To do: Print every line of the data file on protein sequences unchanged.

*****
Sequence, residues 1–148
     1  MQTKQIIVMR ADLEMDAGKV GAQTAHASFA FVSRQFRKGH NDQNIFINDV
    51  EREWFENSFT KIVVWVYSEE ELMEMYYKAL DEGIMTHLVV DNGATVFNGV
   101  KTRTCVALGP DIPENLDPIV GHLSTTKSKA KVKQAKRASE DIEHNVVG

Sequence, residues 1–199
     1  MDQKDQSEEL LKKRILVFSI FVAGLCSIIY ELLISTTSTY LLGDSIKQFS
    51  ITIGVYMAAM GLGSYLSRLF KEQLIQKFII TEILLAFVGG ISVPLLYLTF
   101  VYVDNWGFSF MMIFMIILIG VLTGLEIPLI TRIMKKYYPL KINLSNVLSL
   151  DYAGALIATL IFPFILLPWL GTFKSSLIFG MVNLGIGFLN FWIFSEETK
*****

Sequence, residues 1–148
     1  MQTKQIIVMR ADLEMDAGKV GAQTAHASFA FVSRQFRKGH NDQNIFINDV
    51  EREWFENSFT KIVVWVYSEE ELMEMYYKAL DEGIMTHLVV DNGATVFNGV
   101  KTRTCVALGP DIPENLDPIV GHLSTTKSKA KVKQAKRASE DIEHNVVG

Sequence, residues 1–199
     1  MDQKDQSEEL LKKRILVFSI FVAGLCSIIY ELLISTTSTY LLGDSIKQFS
    51  ITIGVYMAAM GLGSYLSRLF KEQLIQKFII TEILLAFVGG ISVPLLYLTF
   101  VYVDNWGFSF MMIFMIILIG VLTGLEIPLI TRIMKKYYPL KINLSNVLSL
   151  DYAGALIATL IFPFILLPWL GTFKSSLIFG MVNLGIGFLN FWIFSEETK